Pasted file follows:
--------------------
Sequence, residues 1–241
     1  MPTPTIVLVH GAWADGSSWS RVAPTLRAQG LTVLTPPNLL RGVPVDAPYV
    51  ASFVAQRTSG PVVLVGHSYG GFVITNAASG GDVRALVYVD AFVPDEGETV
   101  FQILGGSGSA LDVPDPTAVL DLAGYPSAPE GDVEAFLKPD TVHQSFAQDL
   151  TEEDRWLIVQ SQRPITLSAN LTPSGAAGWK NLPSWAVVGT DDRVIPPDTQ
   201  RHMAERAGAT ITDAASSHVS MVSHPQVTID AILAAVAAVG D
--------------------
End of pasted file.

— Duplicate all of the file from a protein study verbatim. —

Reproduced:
Sequence, residues 1–241
     1  MPTPTIVLVH GAWADGSSWS RVAPTLRAQG LTVLTPPNLL RGVPVDAPYV
    51  ASFVAQRTSG PVVLVGHSYG GFVITNAASG GDVRALVYVD AFVPDEGETV
   101  FQILGGSGSA LDVPDPTAVL DLAGYPSAPE GDVEAFLKPD TVHQSFAQDL
   151  TEEDRWLIVQ SQRPITLSAN LTPSGAAGWK NLPSWAVVGT DDRVIPPDTQ
   201  RHMAERAGAT ITDAASSHVS MVSHPQVTID AILAAVAAVG D